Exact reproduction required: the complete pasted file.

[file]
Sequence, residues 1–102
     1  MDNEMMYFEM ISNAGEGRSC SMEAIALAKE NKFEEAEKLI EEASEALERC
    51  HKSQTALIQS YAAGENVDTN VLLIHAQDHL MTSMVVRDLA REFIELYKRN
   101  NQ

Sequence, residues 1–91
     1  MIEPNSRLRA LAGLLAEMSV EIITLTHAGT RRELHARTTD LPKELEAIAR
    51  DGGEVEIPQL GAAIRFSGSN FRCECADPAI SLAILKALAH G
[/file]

Sequence, residues 1–102
     1  MDNEMMYFEM ISNAGEGRSC SMEAIALAKE NKFEEAEKLI EEASEALERC
    51  HKSQTALIQS YAAGENVDTN VLLIHAQDHL MTSMVVRDLA REFIELYKRN
   101  NQ

Sequence, residues 1–91
     1  MIEPNSRLRA LAGLLAEMSV EIITLTHAGT RRELHARTTD LPKELEAIAR
    51  DGGEVEIPQL GAAIRFSGSN FRCECADPAI SLAILKALAH G